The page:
Tuning functionality of printed conductive polymers using proximity ion beam lithograthy



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Polymer semiconductors are used in low-cost electronics such as plastic solar cells, thin film transistors, and light-emitting diodes. Their performance in these devices is partly dictated by molecular ordering and nanoscale structure, where the latter is particularly difficult to control. We demonstrate a simple approach to control the structure and function of polymer semiconductors by patterning with proximity ion beam lithography (PIBL). The lithographic process generates intermolecular cross-links that render the polymer insoluble in organic solvents. The effects of PIBL exposure dose on optoelectronic properties and molecular ordering were investigated with measurements of ultraviolet-visible absorbance, hole mobility in the space-charge-limited regime, and crystallinity. We find evidence that extensive cross-linking will disrupt intermolecular ordering and introduce electronic trap states that reduce absorbance and mobility.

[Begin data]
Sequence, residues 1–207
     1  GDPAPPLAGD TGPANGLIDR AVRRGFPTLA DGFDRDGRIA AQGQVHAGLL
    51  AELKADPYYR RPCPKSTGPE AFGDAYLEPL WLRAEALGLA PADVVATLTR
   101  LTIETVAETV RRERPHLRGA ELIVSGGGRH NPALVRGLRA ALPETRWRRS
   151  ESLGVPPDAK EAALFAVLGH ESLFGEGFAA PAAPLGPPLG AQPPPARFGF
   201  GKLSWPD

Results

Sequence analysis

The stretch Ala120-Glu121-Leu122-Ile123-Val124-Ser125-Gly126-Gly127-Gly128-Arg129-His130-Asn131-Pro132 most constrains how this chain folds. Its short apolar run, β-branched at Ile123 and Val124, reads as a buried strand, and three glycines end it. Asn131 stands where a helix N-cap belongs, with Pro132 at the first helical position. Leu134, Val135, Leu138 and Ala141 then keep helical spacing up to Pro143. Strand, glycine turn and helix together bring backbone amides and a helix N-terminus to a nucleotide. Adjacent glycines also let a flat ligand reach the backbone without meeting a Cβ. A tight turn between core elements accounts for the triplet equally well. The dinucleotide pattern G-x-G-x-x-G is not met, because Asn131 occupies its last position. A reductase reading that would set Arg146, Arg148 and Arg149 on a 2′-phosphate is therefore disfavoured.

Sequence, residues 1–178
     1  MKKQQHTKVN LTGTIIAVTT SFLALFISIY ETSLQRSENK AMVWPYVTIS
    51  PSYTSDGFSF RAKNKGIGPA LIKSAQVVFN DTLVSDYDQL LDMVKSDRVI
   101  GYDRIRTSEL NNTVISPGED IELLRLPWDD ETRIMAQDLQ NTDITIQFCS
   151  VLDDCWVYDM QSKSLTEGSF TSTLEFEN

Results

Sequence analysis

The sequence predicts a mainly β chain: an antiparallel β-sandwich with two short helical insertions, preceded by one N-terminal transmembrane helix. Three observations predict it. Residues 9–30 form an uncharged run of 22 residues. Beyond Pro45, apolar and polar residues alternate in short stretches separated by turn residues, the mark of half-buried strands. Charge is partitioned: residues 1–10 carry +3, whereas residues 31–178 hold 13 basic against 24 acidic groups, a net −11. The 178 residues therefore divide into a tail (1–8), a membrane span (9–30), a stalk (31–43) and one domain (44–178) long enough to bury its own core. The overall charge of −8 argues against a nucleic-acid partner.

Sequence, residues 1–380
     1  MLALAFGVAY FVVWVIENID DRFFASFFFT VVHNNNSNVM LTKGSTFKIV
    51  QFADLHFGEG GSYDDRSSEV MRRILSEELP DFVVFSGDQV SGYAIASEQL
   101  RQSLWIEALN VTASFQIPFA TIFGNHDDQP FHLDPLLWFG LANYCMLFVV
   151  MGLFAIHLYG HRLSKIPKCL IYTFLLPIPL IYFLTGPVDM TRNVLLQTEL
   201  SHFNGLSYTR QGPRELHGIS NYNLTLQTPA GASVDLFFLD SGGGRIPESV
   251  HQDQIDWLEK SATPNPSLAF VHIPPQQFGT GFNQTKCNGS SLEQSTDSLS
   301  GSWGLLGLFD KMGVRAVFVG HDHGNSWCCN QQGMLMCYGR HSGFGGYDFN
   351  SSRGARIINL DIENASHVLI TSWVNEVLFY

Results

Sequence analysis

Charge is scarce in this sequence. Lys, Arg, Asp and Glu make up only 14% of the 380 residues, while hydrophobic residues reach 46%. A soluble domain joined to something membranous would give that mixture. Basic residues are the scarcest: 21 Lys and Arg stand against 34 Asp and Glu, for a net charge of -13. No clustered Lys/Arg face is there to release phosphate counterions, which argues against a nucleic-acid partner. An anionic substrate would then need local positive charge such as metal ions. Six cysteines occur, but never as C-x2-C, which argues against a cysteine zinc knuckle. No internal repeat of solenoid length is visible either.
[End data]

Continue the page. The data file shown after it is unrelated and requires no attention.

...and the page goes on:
Polymer semiconductors, Proximity ion beam lithography, P3HT, Charge mobility, Molecular ordering